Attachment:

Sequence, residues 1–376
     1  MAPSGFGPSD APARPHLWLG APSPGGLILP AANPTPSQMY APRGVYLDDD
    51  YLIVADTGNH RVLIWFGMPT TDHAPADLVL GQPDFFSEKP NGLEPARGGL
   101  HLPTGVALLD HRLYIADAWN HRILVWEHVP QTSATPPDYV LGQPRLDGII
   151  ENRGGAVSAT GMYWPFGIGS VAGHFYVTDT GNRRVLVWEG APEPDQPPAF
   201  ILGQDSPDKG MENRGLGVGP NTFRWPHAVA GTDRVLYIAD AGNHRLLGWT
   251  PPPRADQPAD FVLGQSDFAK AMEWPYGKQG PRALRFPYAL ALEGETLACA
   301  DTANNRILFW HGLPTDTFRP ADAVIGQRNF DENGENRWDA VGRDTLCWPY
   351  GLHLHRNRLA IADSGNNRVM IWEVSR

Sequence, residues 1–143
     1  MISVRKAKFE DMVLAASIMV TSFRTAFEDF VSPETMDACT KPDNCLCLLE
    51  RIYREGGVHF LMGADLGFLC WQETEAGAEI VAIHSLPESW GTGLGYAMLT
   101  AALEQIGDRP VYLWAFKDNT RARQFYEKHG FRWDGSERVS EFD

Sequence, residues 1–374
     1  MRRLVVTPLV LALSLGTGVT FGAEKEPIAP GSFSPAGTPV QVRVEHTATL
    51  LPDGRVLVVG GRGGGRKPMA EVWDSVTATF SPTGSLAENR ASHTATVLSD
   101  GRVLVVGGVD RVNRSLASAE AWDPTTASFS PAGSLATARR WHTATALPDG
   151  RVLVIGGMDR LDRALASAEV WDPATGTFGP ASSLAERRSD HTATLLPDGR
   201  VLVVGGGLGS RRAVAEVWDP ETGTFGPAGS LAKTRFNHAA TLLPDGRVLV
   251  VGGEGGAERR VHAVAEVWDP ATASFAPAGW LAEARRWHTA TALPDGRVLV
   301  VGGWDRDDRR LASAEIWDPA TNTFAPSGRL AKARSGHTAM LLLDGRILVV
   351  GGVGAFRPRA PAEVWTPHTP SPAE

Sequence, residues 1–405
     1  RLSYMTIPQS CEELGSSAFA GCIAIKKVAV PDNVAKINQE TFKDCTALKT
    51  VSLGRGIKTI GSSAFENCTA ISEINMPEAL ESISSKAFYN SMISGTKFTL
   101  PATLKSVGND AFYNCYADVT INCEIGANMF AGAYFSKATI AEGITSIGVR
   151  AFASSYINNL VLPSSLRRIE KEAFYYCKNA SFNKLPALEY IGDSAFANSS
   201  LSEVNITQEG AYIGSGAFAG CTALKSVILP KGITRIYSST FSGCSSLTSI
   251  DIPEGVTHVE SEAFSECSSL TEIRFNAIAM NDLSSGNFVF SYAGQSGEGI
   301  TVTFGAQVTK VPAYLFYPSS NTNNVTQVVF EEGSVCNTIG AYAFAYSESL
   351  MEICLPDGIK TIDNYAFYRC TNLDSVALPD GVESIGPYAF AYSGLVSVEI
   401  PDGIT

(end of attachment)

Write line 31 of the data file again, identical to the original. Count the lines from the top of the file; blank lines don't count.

   351  MEICLPDGIK TIDNYAFYRC TNLDSVALPD GVESIGPYAF AYSGLVSVEI